Isn’t running an IT department just like coaching a ball team? You have your team run every day to build their endurance and to keep them in peak condition. Each player player must be a top performer, regardless of his/her position, and be ready to fill-in other positions if needed. Every team member must love the sport and be committed to keeping the ball in play, doing whatever is necessary to win. How well are today’s IT leaders playing coach? What additional gamesmanship can an IT leader pick up, to better play the increasingly complex business/IT ball game?
John Teeter, Deputy Chief Information Officer, the Department of Health and Human Services
John Teeter is the Deputy Chief Information Officer and former Chief Enterprise Architect for the U.S. Department of Health and Human Services (HHS). In this role, he is responsible for all aspects of information resources management inclu... More View all posts
John Teeter is the Deputy Chief Information Officer and former Chief Enterprise Architect for the U.S. Department of Health and Human Services (HHS). In this role, he is responsible for all aspects of information resources management including several enterprise programs which include information technology strategic planning and performance management, information technology capital planning and investment control, enterprise security, information technology project management and the development, maintenance and use of the HHS enterprise architecture. John has served HHS for three decades in various capacities. He has held many positions in the areas of information technology project and program management but has focused his attention for the last several years on enterprise information resources management programs and enterprise architecture endeavors. He began his career at the Social Security Administration (SSA), followed by work at both the Centers for Medicare and Medicaid Services (CMS) and the Centers for Disease Control and Prevention (CDC), where he was the CDC Chief Enterprise Architect. John’s degree in biology, coupled with his study and experience in information technology, have allowed him to serve effectively in support of the health-related goals of HHS and as a participant in the broader Federal information technology community. Less View all posts
Tommy Amaker, Head Coach, Harvard Crimson Basketball
Tommy Amaker has been head coach of men’s basketball at Harvard since April 13, 2007 and begins his sixth season in 2012-13. Tommy, who holds a 268-195 career head coaching record, posted a 108-84 ledger at Michigan and a 68-55 record at ... More View all posts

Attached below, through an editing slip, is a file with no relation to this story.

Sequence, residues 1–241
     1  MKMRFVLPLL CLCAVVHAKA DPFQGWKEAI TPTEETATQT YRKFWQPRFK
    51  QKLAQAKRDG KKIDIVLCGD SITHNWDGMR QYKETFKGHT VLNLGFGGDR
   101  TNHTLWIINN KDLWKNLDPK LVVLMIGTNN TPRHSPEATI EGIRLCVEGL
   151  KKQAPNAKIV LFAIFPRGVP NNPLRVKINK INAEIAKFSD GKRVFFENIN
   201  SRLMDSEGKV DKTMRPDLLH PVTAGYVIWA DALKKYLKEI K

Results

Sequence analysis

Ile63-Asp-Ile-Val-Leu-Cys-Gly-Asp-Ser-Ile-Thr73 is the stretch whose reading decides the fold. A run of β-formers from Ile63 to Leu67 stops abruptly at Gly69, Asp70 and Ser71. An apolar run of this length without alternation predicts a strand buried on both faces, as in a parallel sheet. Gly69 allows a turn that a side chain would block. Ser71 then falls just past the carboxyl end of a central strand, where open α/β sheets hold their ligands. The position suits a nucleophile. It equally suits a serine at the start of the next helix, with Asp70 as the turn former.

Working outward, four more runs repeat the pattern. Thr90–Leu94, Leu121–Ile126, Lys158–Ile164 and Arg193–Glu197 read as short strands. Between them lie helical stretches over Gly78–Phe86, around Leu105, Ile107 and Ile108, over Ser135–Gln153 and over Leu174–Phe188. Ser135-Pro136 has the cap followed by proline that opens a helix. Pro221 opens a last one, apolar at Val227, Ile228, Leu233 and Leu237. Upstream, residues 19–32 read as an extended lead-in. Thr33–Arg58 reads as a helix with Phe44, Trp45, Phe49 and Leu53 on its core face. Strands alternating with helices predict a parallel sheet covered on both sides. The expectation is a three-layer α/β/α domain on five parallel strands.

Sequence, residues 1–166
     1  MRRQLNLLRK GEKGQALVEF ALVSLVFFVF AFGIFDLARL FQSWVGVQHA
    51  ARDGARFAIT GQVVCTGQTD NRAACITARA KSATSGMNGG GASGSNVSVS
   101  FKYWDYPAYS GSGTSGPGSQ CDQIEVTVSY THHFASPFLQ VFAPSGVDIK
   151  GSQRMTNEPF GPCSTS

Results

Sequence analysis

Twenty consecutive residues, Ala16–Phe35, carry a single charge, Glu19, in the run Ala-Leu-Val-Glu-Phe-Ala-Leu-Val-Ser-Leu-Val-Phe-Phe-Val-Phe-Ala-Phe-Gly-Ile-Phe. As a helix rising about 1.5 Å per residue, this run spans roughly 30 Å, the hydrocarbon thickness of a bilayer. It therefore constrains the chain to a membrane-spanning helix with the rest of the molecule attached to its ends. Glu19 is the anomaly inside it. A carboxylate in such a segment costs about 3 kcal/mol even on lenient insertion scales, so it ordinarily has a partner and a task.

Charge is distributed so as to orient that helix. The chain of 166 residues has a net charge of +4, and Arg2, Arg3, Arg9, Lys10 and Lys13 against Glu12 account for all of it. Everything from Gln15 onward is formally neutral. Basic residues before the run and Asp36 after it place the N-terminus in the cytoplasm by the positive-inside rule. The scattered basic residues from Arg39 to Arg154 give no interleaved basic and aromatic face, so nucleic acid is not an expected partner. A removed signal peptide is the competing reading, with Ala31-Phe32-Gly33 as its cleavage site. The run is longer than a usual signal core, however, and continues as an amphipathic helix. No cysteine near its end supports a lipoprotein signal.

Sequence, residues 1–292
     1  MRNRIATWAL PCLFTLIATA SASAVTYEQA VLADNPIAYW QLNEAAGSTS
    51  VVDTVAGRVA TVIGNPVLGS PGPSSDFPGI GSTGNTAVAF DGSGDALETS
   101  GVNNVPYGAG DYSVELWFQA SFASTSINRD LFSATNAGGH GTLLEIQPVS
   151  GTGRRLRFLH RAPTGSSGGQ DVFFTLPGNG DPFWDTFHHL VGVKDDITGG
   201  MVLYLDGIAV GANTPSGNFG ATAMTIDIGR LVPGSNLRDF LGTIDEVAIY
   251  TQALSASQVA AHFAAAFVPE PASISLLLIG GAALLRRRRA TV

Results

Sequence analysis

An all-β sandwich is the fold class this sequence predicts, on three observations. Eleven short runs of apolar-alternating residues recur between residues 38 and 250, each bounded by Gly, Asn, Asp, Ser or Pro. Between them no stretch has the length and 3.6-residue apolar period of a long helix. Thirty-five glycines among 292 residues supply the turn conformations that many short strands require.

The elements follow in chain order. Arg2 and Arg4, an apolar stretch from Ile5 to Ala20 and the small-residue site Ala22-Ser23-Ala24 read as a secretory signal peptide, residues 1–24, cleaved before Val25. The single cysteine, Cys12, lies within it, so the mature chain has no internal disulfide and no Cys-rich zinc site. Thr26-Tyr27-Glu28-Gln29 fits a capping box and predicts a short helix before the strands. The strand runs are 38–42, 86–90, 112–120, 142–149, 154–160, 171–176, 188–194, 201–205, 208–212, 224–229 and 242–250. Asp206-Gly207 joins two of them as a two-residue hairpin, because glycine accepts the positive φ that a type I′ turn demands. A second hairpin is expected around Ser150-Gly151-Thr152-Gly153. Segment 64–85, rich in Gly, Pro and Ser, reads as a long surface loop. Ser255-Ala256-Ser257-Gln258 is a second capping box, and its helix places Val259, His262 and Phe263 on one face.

Tommy Amaker has been head coach of men’s basketball at Harvard since April 13, 2007 and begins his sixth season in 2012-13. Tommy, who holds a 268-195 career head coaching record, posted a 108-84 ledger at Michigan and a 68-55 record at Seton Hall and has guided the Crimson to the postseason in each of the last two seasons, and is 92-56 at Harvard. Amaker, has won two NCAA championships and advanced to five Final Fours as an assistant at Duke before embarking on a successful head coaching career at Seton Hall, Michigan, and then Harvard. For his successes with the Harvard team, Amaker was named the USBWA and NABC District Coach of the Year, as well as the College Insider Ivy League Coach of the Year. Amaker was also tabbed a finalist for the Ben Jobe Award and the Hugh Durham Award for coaching and was selected as a candidate for the Associated Press National Coach of the Year. Amaker came to Harvard after six years as Michigan’s head coach and led the Wolverines to the postseason three times, winning the 2004 NIT title. His first head coaching position was at Seton Hall, where his teams reached the postseason every year during his tenure. He led the Pirates to the NCAA round of 16 in 2000 and to three appearances in the NIT. He was credited with bringing in the top recruiting class in the country for the 2000-01 season, including the national high school player of the year. Tommy has been the head coach of six players who were either drafted, or signed as free agents, by NBA clubs, including two first-round draft picks. As a player, at Duke, Tommy was a four-year starting point guard, helping the Blue Devils reach the NCAA tournament four times. He led Duke to the 1986 NCAA championship game as part of a 37-3 season, and he earned All-America accolades in 1987 while serving as team captain. Amaker was the 1987 winner of the Henry Iba Corinthian Award as the nation’s top defensive player, and he was enshrined in the Duke Athletic Hall of Fame in 2001. Amaker’s playing career also includes a gold medal as part of the U.S. national team at the 1986 World Championships. A 1987 graduate in economics, Amaker was selected by the Seattle Supersonics in the 1987 NBA draft. He is a former member of the board of directors for USA Basketball and was a member of the Men’s Collegiate and Men’s Senior National Committees with USA Basketball, where he helped select members of the 1996 U.S. Olympic gold medal team. Less View all posts